If Aidan Hutchinson is ever fitted for a gold jacket in Canton, he will remember Monday, April 25, 2022 as one of the great days of his life. Or even if he just makes a Pro Bowl. For that is the day he learned that he will likely avoid one of the biggest howitzer rounds in the NFL — life as a Jacksonville Jaguar.

Monday is the day that Georgia’s Travon Walker displaced Hutchinson at all major sports books as the favorite to be the top pick in Thursday night’s NFL Draft. Walker wasn’t even a consensus top-5 player on Georgia’s stacked defense, but that’s Jaguars football for ya.

Jacksonville fans, who deserve better than this, will rightfully point out that in all likelihood Hutchinson will now be a Detroit Lion. And if there were ever a case of the pot calling the kettle black, this would be it.

Detroit: Where stars are wasted

When you measure both franchises from a historical perspective, it’s no contest.

The Lions are the NFL’s ultimate black hole.

The 2 best offense players in team history, Barry Sanders and Calvin Johnson, retired early rather than play another down for Detroit. Matthew Stafford was traded out of mercy — and immediately won a Super Bowl.

This incompetence stretches back decades. The Lions ran off their best quarterback before Stafford, Bobby Layne, in 1958. They have bumbled around ever since.

It’s fitting that the 2 longest game-winning field goals in NFL history both took place against the Lions — 51 years apart. That’s how long Detroit has been mixing a cocktail of incompetence and bad luck.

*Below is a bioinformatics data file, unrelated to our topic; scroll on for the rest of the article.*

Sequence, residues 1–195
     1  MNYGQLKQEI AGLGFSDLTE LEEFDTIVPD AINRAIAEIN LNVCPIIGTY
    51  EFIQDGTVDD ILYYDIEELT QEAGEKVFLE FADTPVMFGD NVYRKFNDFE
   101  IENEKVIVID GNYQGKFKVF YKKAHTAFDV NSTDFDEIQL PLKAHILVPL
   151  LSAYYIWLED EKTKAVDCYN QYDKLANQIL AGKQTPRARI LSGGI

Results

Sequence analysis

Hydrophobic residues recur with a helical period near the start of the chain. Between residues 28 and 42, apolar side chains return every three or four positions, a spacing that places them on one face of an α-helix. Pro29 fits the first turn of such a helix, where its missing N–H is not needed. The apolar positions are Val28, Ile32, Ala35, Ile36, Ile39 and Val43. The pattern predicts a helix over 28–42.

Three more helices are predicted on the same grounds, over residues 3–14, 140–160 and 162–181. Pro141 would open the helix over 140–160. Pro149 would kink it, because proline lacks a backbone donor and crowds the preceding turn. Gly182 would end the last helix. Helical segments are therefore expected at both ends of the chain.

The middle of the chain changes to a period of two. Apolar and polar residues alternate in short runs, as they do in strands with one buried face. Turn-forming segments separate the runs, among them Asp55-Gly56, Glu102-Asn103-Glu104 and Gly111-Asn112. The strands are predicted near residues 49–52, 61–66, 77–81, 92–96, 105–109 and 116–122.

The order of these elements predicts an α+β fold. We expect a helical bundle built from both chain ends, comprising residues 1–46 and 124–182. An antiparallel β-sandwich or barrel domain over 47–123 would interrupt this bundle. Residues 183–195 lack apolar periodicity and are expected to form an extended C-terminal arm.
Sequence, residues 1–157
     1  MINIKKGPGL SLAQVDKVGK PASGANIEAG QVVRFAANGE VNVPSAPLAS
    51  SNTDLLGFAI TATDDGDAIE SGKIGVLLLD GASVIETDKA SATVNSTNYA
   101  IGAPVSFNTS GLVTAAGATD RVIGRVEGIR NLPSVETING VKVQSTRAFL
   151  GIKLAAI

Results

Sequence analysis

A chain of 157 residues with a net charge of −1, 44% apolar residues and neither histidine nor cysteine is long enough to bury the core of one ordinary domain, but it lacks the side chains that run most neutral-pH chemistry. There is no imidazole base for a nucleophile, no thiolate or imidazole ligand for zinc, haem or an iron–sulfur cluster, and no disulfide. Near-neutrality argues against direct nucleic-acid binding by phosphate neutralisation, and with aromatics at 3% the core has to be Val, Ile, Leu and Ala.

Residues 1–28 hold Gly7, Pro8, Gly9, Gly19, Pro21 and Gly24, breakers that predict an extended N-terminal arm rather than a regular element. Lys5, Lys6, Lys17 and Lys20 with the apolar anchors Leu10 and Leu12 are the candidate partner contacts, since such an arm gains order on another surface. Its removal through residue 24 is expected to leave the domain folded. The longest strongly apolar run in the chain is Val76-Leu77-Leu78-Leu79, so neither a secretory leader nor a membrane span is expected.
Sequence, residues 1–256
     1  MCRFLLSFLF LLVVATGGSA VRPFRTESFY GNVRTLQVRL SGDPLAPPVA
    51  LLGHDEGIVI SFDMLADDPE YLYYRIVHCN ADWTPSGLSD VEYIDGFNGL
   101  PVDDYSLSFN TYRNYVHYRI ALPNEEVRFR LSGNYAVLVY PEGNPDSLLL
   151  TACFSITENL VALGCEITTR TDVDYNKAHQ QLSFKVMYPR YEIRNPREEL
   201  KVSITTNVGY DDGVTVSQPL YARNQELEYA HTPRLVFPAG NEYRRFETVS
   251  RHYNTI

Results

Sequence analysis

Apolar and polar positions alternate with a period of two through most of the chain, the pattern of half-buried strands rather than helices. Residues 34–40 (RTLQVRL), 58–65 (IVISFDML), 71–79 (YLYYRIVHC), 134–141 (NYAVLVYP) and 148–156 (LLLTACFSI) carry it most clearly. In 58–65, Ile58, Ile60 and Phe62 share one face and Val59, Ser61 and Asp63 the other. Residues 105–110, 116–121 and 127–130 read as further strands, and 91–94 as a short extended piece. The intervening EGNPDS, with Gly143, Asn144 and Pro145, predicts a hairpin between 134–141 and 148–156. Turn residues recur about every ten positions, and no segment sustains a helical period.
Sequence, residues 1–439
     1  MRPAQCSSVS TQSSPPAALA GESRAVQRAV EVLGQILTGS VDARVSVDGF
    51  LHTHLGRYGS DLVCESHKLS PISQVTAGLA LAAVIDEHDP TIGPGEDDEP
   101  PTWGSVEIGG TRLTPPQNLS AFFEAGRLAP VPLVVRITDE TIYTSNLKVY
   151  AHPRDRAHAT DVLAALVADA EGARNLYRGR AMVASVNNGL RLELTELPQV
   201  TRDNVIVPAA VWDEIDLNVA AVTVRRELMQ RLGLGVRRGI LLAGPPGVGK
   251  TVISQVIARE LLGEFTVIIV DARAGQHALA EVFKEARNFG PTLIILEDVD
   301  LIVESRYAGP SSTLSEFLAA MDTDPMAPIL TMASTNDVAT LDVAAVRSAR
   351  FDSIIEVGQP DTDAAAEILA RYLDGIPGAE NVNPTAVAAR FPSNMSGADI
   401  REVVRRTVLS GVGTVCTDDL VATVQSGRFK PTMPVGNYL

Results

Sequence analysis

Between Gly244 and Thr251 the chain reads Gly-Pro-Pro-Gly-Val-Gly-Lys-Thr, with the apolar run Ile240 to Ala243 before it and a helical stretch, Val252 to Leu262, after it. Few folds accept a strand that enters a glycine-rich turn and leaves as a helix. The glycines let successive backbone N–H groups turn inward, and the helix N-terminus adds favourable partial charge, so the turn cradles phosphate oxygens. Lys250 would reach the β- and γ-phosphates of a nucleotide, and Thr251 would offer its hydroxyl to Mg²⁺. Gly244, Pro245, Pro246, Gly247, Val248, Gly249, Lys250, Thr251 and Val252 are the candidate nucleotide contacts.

The Jaguars, on the other hand, were the model expansion franchise in league history upon their start-up.

The Jags won more playoff games in their second season (2) than the Lions have in the past 30. Which means that Detroit hasn’t won a playoff game the entire time the Jacksonville Jaguars have existed.

But like Mark McGwire, we’re not here to talk about the past. This is about the future.

And right now, it’s brighter in Detroit.

General Motors isn’t Detroit’s best GM

For the first time in ages, Detroit has the appearance of competence in its front office. Jacksonville has Trent Baalke.

Last year was Brad Holmes’ first draft as Lions GM, and it provided a solid organizational foundation. Detroit’s first pick was an offensive lineman (Penei Sewell) and the next 2 were defensive tackles (Levi Onwuzurike and Alim McNeill).

This is the blueprint of the 1970s Steelers, 1985 Bears and 1990s Cowboys. You still have to draft the right guys. And find stars at the skill positions. But Holmes’ head is in the right place.

Adding a pass-rushing end like Hutchinson fits perfectly into that philosophy. And for it to be a Michigan kid is an absolute coup.

This is not unlike Ohio native Joe Burrow falling into Cincinnati’s lap in 2020. On the field, Hutchinson will obviously be hard-pressed to have as much impact as Burrow. But he fits the Burrow mold as the kind of personality who can help change the culture of a losing franchise.

Hutchinson figures to mesh perfectly with Lions coach Dan Campbell, an unabashed Football Guy intent on making this a bring-your-lunch-pail-to-work kind of team.

Whether Holmes and Campbell finally make it work in Detroit is no certainty. History makes them heavy underdogs. But at least the organization has a vision and alignment at the moment.